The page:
Music Center's 25th: More Glitter, Glamour

Times Staff Writer

Never let it be said that the Music Center has stinted on the celebration of its 25th year. Black-tie dinners, a gala performance, fireworks and awards make up the remainder of the year's commemorative events.

"We started planning this two years ago, and the pieces of the puzzle are just fitting together," Nancy Olson Livingston says as she eagerly dissects the list of parties and other affairs slated for the coming months.

The highlight of the year, according to Livingston, is the three-day weekend beginning Friday, Sept. 22.

"It's something that's social and celebratory and also the peak of the fund-raising," she says.

Former Blue Ribbon Head

One of the co-chairs of the 25th anniversary year (along with Lodwrick Cook, chairman and CEO of Arco and a member of the Music Center's executive committee, and F. Daniel Frost of Gibson, Dunn and Crutcher, also president of the Music Center Foundation), Livingston is a former president of the Blue Ribbon and currently serves on the Music Center's board of governors. Working with her on the project is Debbie Tellefsen, vice chair of the gala.

Sitting in a small office in the Music Center's annex, Livingston explains the first event of the weekend, a dinner for the Music Center's new International Council, a support group made up of internationally recognized entertainment industry bigwigs and prominent business people.

The council will gather at the home of financier/developer David Murdock.

"This gives them an opportunity to get together," Livingston explains. "There's no meeting, this isn't a formal gathering of the council, but Lod Cook wanted to have an occasion that would be a kind of bonding so they'd feel connected to us."

The following night is the black-tie patron party at the Huntington Library in San Marino for those who have made $5,000, $10,000 or $25,000 donations during the anniversary year.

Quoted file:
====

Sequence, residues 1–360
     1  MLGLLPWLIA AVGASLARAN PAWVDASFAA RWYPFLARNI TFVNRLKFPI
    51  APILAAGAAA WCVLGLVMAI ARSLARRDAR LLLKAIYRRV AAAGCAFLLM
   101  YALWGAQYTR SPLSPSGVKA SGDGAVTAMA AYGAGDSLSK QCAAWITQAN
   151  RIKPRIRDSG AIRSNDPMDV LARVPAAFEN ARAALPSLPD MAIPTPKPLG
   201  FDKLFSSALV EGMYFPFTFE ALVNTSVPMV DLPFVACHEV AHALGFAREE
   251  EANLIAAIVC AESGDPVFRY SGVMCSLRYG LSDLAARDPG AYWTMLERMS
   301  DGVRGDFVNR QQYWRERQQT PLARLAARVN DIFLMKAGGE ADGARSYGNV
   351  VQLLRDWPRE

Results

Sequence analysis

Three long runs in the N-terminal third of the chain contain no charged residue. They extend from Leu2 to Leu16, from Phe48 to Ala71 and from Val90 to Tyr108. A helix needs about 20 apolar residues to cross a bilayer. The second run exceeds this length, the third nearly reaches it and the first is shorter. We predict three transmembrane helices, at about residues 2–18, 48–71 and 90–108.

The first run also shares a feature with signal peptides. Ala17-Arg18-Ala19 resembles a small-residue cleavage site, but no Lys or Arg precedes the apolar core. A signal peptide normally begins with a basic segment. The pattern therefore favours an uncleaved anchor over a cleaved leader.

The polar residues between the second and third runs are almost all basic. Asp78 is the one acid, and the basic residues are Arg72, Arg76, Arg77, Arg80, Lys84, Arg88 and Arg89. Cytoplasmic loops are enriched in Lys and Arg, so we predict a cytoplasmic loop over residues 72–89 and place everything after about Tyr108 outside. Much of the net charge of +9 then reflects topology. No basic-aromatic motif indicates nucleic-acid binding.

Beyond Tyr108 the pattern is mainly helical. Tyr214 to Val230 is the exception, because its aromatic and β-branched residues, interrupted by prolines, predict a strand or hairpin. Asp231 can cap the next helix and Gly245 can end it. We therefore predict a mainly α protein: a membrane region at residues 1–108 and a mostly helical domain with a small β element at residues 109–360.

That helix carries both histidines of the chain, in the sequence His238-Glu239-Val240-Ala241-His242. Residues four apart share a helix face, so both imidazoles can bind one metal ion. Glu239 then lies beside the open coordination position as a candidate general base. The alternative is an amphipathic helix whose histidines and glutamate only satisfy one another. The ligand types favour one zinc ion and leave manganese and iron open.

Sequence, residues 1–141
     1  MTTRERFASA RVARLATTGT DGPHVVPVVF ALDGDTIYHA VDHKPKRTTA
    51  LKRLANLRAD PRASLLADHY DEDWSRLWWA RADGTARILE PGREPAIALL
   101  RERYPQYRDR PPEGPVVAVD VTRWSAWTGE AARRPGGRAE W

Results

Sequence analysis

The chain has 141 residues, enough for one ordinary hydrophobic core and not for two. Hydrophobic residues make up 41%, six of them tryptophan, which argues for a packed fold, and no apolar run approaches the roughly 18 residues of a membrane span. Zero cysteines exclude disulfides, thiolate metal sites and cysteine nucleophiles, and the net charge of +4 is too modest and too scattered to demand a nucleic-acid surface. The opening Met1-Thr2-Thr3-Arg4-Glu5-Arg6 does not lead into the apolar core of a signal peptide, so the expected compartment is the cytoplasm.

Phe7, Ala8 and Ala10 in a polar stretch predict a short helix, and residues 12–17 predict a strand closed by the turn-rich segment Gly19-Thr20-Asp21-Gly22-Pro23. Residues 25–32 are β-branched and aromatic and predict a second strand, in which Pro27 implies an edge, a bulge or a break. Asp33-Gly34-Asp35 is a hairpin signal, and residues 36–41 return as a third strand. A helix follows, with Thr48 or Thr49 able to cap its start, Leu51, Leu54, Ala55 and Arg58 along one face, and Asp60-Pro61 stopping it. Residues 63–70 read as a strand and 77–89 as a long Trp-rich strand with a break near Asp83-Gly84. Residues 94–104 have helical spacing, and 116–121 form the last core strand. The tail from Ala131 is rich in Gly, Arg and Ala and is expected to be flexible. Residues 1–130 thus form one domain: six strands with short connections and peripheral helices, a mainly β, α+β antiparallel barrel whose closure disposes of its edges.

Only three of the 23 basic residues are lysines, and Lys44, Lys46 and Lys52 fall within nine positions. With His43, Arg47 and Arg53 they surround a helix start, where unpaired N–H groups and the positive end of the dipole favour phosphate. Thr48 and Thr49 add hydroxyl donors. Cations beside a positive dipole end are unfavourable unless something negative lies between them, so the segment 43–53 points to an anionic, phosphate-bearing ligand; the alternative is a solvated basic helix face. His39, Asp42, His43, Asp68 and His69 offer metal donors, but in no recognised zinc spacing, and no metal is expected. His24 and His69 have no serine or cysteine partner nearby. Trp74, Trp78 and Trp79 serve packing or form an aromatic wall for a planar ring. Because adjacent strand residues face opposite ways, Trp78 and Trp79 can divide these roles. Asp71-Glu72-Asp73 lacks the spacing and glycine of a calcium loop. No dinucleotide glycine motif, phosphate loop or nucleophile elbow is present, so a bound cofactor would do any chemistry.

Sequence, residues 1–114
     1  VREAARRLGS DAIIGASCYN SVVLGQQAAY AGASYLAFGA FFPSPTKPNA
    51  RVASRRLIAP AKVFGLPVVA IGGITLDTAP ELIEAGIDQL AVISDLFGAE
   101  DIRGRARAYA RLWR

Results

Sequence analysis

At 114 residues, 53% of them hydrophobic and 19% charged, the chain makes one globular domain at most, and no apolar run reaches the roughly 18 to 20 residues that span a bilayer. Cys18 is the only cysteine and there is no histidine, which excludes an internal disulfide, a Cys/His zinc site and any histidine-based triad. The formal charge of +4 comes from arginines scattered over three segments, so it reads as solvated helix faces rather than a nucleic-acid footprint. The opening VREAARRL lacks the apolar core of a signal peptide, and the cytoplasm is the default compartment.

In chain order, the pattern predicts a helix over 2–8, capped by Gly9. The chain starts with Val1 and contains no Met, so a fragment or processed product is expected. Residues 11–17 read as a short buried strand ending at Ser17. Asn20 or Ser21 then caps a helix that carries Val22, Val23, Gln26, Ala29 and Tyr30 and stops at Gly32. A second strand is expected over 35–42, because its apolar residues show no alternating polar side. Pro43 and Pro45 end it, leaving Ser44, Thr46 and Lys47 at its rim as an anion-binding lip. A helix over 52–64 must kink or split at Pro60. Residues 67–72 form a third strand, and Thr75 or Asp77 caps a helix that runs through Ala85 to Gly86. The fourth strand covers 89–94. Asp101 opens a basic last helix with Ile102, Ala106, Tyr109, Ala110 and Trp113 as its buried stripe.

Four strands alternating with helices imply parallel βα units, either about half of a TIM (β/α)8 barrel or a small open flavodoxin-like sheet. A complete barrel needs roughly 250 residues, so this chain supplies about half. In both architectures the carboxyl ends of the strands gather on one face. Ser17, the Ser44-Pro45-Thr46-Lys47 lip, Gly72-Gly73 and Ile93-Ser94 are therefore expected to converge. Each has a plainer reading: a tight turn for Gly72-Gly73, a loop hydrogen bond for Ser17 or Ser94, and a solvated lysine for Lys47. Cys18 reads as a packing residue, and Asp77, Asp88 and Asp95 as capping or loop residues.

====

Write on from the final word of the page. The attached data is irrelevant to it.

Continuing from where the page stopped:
"This gives us an opportunity to give something back to our most generous patrons," says Livingston. "This is a private, intimate dinner celebration saying 'Thank you.' It will be the kind of party that I used to go to when I was married to (lyricist) Alan Jay Lerner and we'd go to Ira Gershwin's home in the '50s and Oscar Levant would play the piano and Ira would get up and sing. I've never forgotten that feeling. We're trying to re-create that kind of atmosphere."

Performance Gala Follows

The celebration then moves from the intimate to the elaborate with the celebration and performance gala at the Dorothy Chandler Pavilion Sunday night.

Preceding the gala is a champagne reception on the Music Center Plaza for all ticket-holders, with ticket prices starting at $8.

Slated for the show (which will be taped and broadcast on public television in January) are the Los Angeles Philharmonic, the Joffrey Ballet, the Los Angeles Music Center Opera, Master Chorale and works from the Mark Taper Forum and the Ahmanson Theatre. Carol Burnett and Kirk Douglas have also been signed for the gala.

After the performance, patrons who have contributed $2,000 and up will walk to a tented party on the site of the future Walt Disney concert hall as fireworks blaze.

The gala will mark the debut of the Dorothy B. Chandler Performing Arts Awards sponsored by the International Council. Music Center artistic directors have chosen three Twentieth Century masters in the fields of theater, dance and music: conductor Zubin Mehta, stage director Hal Prince and New York City ballerina Suzanne Farrell.

They, in collaboration with the artistic directors, will choose three young artists of the future, one in each field, who will each receive $25,000 and an original Robert Graham sculpture.

"I'm thrilled the awards are finally here," Livingston says as she explains her longtime wish for such a program and the hours spent hammering out details with Ernest Fleischmann, executive vice president of the Philharmonic, and Mark Taper artistic director Gordon Davidson.

"That's been my major accomplishment. We will have raised well over $2 million (from the anniversary) but nothing pleases me more than the awards."

The year concludes with a celebration on the Music Center Plaza Dec. 6, the date of the first performance at the Dorothy Chandler Pavilion that marked the official opening of the Music Center (featuring Jascha Heifetz and Zubin Mehta conducting the Los Angeles Philharmonic). The event will be free to the public.

And after it's all over, major patrons can reminisce about the Music Center in Hawaii. David Murdock is hosting a "Lanai Weekend" on the island of Lanai Feb. 16-19 for $25,000 donors.

There is plenty to keep Music Center supporters busy until then. Nancy Livingston breathes a major sigh and announces: "I've got to run to the next appointment. I'm racing every day."

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